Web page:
We are sad to report the passing of World War II veteran and Bataan Death March survivor Lester Tenney at age 96 on February 24, 2017.
Tenney was serving in the Philippines when he was captured by the Imperial Japanese Army in 1942. He and his fellow soldiers were forced to trek 75 miles on the infamous Bataan Death March, in which thousands died from starvation, dehydration, and gratuitous violence.
Tenney was then enslaved for three years in a Japanese coal mine in Omuta, across the bay from Nagasaki. In a 2013 interview with the Atomic Heritage Foundation, Tenney recalled the atomic bombing of Nagasaki: “We were in our prison camp in Omuta. We heard an explosion and we saw a tremendous cloud rise. It was the bomb at Nagasaki that we heard. I guess we were witnesses to it because we were right there. We didn't know what it was. But the war ended one week later.”
After the war, Tenney received business degrees from San Diego State University and the University of Southern California and became a college professor. He also spearheaded the post-war movement that pushed Japan to acknowledge the mistreatment of American POWs during World War II. In addition to calling for apologies from the Japanese government and Japanese mining companies, Tenney made enormous efforts to educate both Japanese schoolchildren and American society on what had happened during the war. In 1995, he published an account of his wartime experiences in a book called “My Hitch in Hell.”
Tenney attended Japanese Prime Minister Shinzo Abe’s 2015 speech to the U.S. Congress in which Abe expressed “my eternal condolences to the souls of all American people that were lost during World War II.” The Japanese leader later made an apology in person to Tenney. In January 2017, mining company Mitsubishi Materials Corporation sent an apology letter to Tenney. Although this was not the specific company that owned the mine where Tenney was forced to work, he expressed optimism that other companies would follow suit.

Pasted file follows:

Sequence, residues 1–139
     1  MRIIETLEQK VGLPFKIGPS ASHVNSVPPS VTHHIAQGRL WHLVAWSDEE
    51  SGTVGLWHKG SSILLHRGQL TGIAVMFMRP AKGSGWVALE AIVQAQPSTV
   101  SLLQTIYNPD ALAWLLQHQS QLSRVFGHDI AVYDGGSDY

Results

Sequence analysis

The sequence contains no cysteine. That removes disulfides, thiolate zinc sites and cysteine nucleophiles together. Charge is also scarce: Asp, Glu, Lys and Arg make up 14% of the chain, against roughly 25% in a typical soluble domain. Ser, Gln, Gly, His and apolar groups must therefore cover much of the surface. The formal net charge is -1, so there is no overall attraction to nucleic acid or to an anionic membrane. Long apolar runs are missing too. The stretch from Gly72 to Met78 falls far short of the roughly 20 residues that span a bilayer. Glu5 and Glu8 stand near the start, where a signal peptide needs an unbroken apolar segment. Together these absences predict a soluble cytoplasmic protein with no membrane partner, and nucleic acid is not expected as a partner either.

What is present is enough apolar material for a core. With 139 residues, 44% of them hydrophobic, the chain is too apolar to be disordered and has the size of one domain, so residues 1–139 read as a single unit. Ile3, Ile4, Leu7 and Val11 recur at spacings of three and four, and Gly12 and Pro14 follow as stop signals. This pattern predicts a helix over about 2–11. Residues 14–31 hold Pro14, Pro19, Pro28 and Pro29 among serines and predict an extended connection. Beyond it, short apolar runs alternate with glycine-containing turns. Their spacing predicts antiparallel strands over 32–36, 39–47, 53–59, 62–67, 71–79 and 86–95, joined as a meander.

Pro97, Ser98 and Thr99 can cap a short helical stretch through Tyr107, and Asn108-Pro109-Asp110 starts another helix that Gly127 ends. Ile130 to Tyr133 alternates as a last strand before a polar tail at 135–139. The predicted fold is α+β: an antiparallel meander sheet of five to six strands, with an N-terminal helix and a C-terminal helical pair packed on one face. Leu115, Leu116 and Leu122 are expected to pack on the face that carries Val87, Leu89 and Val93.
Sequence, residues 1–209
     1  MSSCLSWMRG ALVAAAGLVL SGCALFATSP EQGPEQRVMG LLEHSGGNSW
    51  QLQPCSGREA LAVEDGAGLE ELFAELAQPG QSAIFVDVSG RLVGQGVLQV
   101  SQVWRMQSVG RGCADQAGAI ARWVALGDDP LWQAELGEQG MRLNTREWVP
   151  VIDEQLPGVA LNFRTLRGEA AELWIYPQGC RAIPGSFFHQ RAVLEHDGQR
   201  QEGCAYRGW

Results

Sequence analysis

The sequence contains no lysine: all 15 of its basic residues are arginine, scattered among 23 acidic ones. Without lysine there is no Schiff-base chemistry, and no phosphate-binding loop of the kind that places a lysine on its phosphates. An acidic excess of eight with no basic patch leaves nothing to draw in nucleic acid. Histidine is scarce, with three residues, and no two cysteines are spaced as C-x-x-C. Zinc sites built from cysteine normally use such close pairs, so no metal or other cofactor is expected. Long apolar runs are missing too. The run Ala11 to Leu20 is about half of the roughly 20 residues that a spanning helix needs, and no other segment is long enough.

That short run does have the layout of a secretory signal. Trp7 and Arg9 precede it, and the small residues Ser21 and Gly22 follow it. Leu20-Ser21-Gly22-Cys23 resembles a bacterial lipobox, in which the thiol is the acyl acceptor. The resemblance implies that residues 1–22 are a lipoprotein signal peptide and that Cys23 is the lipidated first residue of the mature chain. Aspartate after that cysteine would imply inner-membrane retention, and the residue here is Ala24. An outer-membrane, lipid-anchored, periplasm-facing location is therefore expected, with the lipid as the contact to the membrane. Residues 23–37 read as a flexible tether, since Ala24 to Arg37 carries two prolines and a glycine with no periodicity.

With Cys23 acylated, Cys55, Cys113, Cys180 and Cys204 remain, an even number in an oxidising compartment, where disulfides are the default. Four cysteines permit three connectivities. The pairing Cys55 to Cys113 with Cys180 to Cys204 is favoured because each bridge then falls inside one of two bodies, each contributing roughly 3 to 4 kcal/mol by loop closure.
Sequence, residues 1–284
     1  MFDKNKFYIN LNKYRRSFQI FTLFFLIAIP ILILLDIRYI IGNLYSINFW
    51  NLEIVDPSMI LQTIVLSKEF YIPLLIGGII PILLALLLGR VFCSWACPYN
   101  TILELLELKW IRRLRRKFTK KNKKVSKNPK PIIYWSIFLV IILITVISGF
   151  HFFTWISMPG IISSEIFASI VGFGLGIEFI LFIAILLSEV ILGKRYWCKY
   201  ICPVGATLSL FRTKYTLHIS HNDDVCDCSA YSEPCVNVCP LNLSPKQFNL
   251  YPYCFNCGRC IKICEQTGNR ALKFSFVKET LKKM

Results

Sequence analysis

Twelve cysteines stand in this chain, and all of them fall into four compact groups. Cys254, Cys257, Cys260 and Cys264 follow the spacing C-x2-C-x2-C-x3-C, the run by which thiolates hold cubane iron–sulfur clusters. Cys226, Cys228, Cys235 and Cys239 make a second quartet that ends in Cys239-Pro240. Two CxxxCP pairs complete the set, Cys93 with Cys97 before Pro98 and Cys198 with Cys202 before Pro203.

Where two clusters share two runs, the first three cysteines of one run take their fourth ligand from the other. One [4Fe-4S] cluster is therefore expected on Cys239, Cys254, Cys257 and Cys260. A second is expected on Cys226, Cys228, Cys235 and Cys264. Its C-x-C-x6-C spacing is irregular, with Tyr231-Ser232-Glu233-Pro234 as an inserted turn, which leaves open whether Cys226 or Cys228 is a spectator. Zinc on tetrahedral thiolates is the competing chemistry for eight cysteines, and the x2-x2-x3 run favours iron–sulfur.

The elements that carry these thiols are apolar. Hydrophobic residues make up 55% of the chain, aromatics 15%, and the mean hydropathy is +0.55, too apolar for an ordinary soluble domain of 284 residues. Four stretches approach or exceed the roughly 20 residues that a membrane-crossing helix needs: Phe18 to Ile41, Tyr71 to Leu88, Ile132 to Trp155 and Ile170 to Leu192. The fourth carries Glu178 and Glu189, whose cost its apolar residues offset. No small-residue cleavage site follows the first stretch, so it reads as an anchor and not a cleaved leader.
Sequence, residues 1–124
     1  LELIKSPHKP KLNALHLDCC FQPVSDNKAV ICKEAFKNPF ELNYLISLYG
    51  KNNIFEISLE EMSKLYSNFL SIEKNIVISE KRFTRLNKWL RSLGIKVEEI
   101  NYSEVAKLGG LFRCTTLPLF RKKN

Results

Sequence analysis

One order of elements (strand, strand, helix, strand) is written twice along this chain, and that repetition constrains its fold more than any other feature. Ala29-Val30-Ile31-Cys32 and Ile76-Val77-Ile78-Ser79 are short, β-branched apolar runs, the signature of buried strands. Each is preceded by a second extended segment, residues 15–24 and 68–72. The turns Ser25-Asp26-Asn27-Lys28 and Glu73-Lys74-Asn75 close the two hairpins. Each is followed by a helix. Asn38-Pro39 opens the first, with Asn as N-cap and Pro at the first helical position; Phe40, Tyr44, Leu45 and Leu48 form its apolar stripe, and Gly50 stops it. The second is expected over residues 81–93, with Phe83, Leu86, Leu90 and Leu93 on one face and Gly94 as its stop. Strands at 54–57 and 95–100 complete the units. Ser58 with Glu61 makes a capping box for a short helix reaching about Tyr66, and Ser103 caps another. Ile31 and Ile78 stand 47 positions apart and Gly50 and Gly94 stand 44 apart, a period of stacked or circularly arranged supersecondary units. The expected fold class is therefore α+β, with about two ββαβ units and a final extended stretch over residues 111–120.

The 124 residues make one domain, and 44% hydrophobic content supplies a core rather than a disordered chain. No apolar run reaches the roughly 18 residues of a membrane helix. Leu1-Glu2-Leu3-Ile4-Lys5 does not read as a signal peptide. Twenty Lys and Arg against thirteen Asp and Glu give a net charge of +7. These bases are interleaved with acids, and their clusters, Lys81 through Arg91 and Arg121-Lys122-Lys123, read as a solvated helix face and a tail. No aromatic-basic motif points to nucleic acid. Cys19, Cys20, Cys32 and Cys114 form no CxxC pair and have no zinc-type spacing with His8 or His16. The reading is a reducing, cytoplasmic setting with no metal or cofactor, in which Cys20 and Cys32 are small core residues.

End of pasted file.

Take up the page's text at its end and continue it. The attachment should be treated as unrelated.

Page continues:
Tenney remarked that all the while he pursued these apologies, he had come to realization that he had to forgive. “I couldn’t go there and talk with them if I hadn’t learned to forgive and get on with my life. So, the forgiveness that I did was not for them. The forgiveness was for me," he explained in his interview. “By my forgiving, I opened up my door. I’ve often said that my friends who still hate, they’re still prisoners. They’re still prisoners. They have not been released yet.”
In addition to those efforts, he also formed a company called Care Packages from Home, which sends care packages to soldiers in Afghanistan, after realizing he had never received his own package as a solider.